As Utah reels from rising numbers of COVID-19, college students across the state are making plans for Halloween.
Earlier this month, the Centers for Disease Control and Prevention posted a list of precautions and alternate activities to safely celebrate Halloween. However, a group called Utah Tonight appeared determined to throw a Halloween party in protest of the pandemic social distancing guidelines, according to its social media accounts.
The party has officially been canceled, with event organizers claiming harassment and intimidation as the reason why. Thousands were expected to attend the event, despite coronavirus guidelines currently in place.
The event’s website said those 18 years or older had to sign a disclaimer, which stated they understood they were putting themselves at risk of getting COVID-19.
“The more attendees we get, the more our voices will be heard,” the event details stated.
The controversy comes as COVID-19 cases spike in Utah, with the Utah Department of Health reporting 1,837 new cases Thursday.
In September, Utah County health officials attributed a spike in cases to off-campus activities, including parties, from Brigham Young University and Utah Valley University students.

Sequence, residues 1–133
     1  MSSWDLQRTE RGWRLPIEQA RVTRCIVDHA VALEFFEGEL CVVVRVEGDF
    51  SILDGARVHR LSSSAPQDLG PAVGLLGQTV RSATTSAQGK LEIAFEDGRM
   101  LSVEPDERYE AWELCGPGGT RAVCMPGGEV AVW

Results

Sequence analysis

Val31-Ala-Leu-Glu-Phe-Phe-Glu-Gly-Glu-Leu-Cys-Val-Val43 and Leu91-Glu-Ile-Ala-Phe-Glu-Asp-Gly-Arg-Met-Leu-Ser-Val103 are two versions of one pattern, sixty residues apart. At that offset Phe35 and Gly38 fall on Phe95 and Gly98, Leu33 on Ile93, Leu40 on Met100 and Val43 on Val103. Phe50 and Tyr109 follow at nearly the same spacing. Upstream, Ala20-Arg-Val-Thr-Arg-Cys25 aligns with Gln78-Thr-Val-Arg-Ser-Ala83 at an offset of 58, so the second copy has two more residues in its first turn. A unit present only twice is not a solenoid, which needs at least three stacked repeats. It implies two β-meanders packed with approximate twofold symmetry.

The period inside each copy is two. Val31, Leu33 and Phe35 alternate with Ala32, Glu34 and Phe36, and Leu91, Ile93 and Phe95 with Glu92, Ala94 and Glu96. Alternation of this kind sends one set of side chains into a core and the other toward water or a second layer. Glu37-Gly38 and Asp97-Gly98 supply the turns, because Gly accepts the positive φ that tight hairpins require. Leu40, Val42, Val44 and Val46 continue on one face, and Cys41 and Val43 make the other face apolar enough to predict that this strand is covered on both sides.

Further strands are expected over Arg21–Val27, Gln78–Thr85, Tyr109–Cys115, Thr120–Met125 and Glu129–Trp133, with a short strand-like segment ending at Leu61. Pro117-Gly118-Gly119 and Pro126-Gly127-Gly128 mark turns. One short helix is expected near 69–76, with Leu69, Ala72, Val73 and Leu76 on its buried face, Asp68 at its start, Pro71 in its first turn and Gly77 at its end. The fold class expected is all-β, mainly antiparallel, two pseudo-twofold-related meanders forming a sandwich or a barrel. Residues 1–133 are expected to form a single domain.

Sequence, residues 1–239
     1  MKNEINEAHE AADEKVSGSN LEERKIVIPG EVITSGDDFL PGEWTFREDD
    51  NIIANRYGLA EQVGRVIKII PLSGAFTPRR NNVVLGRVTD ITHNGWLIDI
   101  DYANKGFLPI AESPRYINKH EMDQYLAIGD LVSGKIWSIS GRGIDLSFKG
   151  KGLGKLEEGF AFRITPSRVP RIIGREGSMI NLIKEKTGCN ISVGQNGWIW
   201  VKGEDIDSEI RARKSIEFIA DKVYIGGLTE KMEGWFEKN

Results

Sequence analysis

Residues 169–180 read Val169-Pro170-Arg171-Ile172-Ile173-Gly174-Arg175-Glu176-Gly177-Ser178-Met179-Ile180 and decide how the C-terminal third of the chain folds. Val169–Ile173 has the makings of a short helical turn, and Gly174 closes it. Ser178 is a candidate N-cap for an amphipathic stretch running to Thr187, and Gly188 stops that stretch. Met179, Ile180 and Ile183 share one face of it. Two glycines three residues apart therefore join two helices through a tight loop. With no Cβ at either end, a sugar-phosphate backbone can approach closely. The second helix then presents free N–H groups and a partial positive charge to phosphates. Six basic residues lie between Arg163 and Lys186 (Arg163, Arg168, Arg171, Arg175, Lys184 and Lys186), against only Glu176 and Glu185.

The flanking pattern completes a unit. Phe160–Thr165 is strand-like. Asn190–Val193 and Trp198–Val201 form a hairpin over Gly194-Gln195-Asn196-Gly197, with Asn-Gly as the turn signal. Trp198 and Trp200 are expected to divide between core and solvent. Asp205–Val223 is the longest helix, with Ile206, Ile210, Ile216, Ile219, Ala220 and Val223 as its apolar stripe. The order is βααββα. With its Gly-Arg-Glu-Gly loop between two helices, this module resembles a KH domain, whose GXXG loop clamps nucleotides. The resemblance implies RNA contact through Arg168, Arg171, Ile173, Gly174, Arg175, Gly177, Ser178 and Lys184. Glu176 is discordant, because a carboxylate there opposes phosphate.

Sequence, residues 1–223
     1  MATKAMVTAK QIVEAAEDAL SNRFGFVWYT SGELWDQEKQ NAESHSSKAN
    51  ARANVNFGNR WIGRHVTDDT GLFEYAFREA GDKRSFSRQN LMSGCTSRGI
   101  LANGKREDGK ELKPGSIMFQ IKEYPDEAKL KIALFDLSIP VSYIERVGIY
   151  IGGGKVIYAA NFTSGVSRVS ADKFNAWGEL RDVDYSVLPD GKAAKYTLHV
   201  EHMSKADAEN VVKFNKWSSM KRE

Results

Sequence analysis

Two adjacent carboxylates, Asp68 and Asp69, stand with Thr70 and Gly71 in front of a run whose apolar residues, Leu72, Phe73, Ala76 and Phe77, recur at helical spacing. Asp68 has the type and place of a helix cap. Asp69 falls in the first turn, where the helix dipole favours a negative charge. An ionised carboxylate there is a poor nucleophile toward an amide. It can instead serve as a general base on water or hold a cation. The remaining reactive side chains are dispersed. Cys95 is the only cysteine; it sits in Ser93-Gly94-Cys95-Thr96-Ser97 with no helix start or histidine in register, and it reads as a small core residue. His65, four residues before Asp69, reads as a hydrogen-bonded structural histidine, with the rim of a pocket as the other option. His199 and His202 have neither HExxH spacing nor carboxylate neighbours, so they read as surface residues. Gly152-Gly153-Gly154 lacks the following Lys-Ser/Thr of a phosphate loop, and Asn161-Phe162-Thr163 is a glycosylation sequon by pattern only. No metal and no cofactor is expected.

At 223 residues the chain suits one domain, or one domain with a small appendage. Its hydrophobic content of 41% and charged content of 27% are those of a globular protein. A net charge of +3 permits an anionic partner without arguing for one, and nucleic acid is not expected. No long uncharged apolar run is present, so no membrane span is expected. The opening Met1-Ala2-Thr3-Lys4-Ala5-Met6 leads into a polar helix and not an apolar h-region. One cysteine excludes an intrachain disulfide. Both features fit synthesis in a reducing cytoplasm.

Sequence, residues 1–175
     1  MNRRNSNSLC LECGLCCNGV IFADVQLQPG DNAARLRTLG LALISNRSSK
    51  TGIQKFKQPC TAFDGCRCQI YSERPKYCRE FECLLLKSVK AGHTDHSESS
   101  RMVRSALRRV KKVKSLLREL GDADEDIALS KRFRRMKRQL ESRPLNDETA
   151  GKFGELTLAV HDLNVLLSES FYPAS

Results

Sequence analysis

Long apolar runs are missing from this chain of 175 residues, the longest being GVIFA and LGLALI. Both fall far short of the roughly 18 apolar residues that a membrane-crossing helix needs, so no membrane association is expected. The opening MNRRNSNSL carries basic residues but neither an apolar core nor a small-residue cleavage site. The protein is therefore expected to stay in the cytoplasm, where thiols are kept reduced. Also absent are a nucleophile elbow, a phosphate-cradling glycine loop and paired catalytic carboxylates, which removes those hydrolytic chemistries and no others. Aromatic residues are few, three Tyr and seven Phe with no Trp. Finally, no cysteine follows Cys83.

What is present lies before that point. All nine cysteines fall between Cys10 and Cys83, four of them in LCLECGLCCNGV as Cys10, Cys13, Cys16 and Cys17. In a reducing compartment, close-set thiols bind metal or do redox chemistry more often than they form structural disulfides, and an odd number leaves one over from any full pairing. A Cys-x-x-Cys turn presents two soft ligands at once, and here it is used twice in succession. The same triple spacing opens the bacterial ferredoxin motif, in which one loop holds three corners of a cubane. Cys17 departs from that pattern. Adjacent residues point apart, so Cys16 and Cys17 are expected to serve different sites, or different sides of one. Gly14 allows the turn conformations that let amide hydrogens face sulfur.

Amid the guidelines, students at SLCC are finding alternatives for celebrating Halloween this year.
“It’s trying to find as much stuff you can do indoors, like decorating your house or apartment, watching as many Halloween movies as you can,” said James Arias, who recently took a sociology course at SLCC. “I myself am building a costume of my own. I can’t wear it outside, but it’s fun to build it.”
Culinary student Raymond Stapleton, however, said he thinks the precautions are extreme.
“I call nonsense on this,” he said. “It doesn’t make sense to me how 2020 Census takers can go door-to-door, but kids can’t when trick-or-treating. I don’t think I would attend the [Utah Tonight] party, but I think these restrictions are out of hand.”
Communication student Adrian Ortiz-Montoya said, like so much around the pandemic, it’s about finding a balance.
“People should definitely follow the CDC guidelines and I think people should still be able to celebrate, just safely,” he explained. “If there is something people want to do that doesn’t follow guidelines, they should wait until next year. This year is unique, but we can still celebrate Halloween.”